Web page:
Awards Decided at 18th Art Film Fest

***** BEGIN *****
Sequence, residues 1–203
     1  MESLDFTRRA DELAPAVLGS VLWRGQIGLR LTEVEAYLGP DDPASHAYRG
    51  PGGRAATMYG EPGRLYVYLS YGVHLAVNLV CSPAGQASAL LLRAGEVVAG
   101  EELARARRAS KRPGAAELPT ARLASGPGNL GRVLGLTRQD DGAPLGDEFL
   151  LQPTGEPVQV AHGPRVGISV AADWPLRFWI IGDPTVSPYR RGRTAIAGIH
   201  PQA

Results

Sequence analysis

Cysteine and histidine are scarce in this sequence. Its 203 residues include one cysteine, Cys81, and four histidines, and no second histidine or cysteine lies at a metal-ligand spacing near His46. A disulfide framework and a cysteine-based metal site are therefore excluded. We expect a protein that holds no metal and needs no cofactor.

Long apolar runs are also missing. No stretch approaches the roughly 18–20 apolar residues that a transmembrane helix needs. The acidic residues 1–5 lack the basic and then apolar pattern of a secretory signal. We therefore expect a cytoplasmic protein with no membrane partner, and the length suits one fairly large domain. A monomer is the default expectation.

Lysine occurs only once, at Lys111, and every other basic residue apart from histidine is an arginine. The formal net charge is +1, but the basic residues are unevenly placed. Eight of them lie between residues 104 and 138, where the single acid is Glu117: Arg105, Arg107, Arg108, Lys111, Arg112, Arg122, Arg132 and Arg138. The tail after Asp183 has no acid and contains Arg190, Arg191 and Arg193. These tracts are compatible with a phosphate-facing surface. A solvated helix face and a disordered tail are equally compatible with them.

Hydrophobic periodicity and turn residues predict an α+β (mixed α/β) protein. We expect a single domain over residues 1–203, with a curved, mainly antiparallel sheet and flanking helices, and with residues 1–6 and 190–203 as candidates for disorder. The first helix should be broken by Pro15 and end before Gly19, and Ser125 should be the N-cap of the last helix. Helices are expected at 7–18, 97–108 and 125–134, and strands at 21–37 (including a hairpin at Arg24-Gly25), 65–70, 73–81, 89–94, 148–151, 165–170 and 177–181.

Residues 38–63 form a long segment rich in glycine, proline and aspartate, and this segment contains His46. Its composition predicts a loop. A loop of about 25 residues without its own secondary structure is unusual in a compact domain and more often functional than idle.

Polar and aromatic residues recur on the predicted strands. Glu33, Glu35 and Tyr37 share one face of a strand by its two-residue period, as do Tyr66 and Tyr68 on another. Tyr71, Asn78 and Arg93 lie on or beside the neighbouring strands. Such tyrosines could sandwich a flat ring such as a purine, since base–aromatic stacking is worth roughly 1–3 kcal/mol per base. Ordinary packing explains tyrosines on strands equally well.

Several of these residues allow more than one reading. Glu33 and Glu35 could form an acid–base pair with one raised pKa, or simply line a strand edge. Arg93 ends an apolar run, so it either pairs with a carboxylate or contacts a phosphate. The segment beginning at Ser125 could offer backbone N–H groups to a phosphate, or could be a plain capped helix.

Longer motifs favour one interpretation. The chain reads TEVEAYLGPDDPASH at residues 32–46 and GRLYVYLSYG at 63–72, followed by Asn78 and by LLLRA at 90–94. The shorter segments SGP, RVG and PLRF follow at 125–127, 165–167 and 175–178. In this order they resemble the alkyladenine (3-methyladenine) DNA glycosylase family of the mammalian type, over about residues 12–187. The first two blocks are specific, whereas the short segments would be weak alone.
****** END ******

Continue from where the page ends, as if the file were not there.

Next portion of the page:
The feature-length films were judged by a jury consisting of Hong Kong director Ann Hui, French film critic Shahla Nahid, Kosovan actor and producer Arben Zharku, Austrian director and actress Johanna Tomek and Czech screenwriter Marek Epstein.   Art Film Fest’s grand prize, the Blue Angel for Best Film, and its accompanying monetary prize of 15,000 euros went to the Russian film How I Ended This Summer from director Alexei Popogrebsky. The film has already received the Silver Bear for Outstanding Artistic Achievement for its camerawork at the 2010 Berlinale, and both of its co-stars won the Silver Bear for Best Actor. The picture stands out with its suggestive portrayal of the intense drama between two men in one of the world’s most isolated places, the Chukotka Peninsula. The judge considers this film “as a true work of art which could claim prizes in every main category: script, directing, camera, sound design and acting. […] What starts as a quite simple affair turns out to be a complex story, raising questions about the condition of humanity as well as about our manipulation of nature. But this film also hints at how animosity, prejudice and even hate can change into respect, responsibility and taking care of the vulnerable existence of the next generation.”  The Blue Angel for Best Director and its accompanying monetary prize of 5000 euros was awarded to Samuel Maoz, director of the film Lebanon. Based on his first-hand experiences, he chillingly depicts the reality of war with no trace of heroics, focusing on few soldiers in a tank, trapped behind enemy lines. According to the Jury, this is "a film which gives a new face to war and symbolizes the narrow-mindedness of those who believe that the use of force is the only way to bring peace.”  The film has already won several prizes, including the Golden Lion at the Venice FF. The Blue Angel for Best Female Performance and its accompanying monetary prize of 2500 euros was granted to Jennifer Lawrence, the young American actress from director Debra Granik’s film Winter’s Bone. The Jury was captivated by her authenticity and, considering her age, her extraordinarily mature portrayal of the seventeen-year-old Ree Dolly.” Her character cares for her sickly mother and younger siblings while searching for her missing father, who put up their house for bail money. The picture won the Grand Jury Prize and a screenwriting award at this year’s Sundance, as well as receiving the C.I.C.A.E. Award in the Forum section of this year’s Berlinale.         The Blue Angel for Best Male Performance and its accompanying monetary prize of 2500 euros was presented to Romanian actor George Pistereanu, who appeared in director Florin Serban’s film If I Want to Whistle, I Whistle. The Jury appraised his performance aptly: “We believe him and we sympathize with him.” The picture, representing the Romanian cinematic New Wave, is unique in the authenticity of its cinematic expression and actors’ performances. Based on a stage play, the film captures a young correction facility inmate who cannot come to terms with a decision his mother makes, and is determined to do whatever it takes to change it. It won the Jury Grand Prix at the Berlinale as well. Art Film Fest’s jury also bestowed two Special Mention awards. The first recipient is the young Swedish actor Sebastian Hiort af Ornäs, who festival audiences could see in the film Sebbe from director Babak Najafi. The picture suggestively depicts the complicated relationship between an adolescent boy and his mother, who drowns the loss of her husband in alcohol. Despite being the young star’s first film role, he manages to convincingly portray the complicated psychological state of a young outsider. “…the very young Sebastian Hiort af Ornäs, with his convincing, sensitive and deep performance, manages to show the vulnerable nature of love between a mother and her son as well as the mechanisms of violence among children and youth in many societies," stated the Jury. The recipient of the second Special Mention was Nader Takmil Homayoun, director of the film Tehran, in which he reveals a hidden side of the Iranian metropolis, where trafficking of drugs and children, prostitutes and extortion are routine. The jury decided to confer the Special Mention for” depicting a society facing the decline of its values and morals. …through shocking images of the huge city of Tehran, [the director] tries to draw attention to society’s gangrenous wounds in order to make their healing possible.” The victorious title in the competition section of short films was director Paul Wright’s nineteen-minute film Believe, winning the On the Road award and its accompanying monetary prize of 5000 euros. The competition was judged by a jury consisting of Canadian director Denis Chouinard, film festival programme advisor Delphine Lyner and festival curator / producer Hiroyuki Tanimoto. The winning short film captures a man’s severe mental breakdown, incurred by the painful loss of a loved one. The award was bestowed for the film’s “audacious narrative and the outstanding quality of its visual metaphors, showing the inner conflict of a man unable to cope with the loss of his wife…” The Short Film Jury’s Special Mention went to two films.  The first went to Danish director Fenar Ahmad’s Megaheavy, which follows a young introverted girl’s search for the right boy or girl for her. The jury praised the film’s “realistic and unpretentious storytelling…” The second Special Mention was awarded to the Canadian picture Naissances from director Anne Emond, depicting a chance meeting between a furniture restorer and a young woman, which could be more significant than it first seems. The jury cited its “human and contemporary portrait of two lost souls hanging on to each other and trying to make reality more bearable.” Non-statutory awards will also be announced at Art Film Fest’s closing ceremony. The first-ever FILM EUROPE Award will be granted to Slovak filmmaker for extraordinary creative work receiving international acclaim. The award, granted jointly by Art Film Fest, Film Europe Media Company and the national television channel Kino CS, will go to Mátyás Prikler for his film Thanks, Fine. With its intimate portrait of a family, the picture captures the disintegration of interpersonal relationships on the backdrop of the current economic crisis. The film was officially selected for the Cinéfondation competition section at Cannes. The Trenčianske Teplice Mayor’s Award will be granted to the Romanian-Swedish film If I Want to Whistle, I Whistle, whose star has already been awarded for Best Male Performance. The Trenčín Mayor’s Award will go to director Javier Fuentes-León’s Undertow, a co-production between Peru, Columbia, France and Germany.  The film depicts an atypical love triangle between a happily married man, his wife, and painter, in which the two lovers are the men. It also received the Audience Awards at Sundance and the Miami FF. Photographs can be found at in the Press section.  The Art Film Fest International Film Festival Trenčianske Teplice/Trenčín is made possible through the financial support of the Audiovisual Fund and the European Union Programme MEDIA.    Organizers: ART FILM, n. o., Forza, a. s. Co-organizers: the Town of Trenčianske Teplice, the City of Trenčín, the Trenčianske Teplice Health Spa General Sponsors: Dôvera Medical Insurance, AquaCity Poprad Main Sponsors: Tatra banka, Slovnaft, Veolia Voda – Central Slovakian Waterworks, OHL ŽS, Alison Slovakia Official Transport Provider: Lancia Logistics Sponsor: DHL; Free student cinepasses provided by: Prvá stavebná sporitelna (First Housing-Construction Savings Bank) Sponsor of the Slovak Season section: Zlatý Bažant; Sponsors: AVI Studio, Baske Guest House, Park Hotel na Baračke Official Suppliers: HUBERT J.E., Kláštorná, GS design, Philips, A Briliant Media Sponsors: Slovak Television, Markíza Television, FilmBox, CSTV, Central Europe Television, Rádio Europa 2, Rádio Hit FM, Pravda, .týždeň, Markíza, Pardon, Cinemax, Kam do mesta,, Boomerang Media, SITA, euroAWK,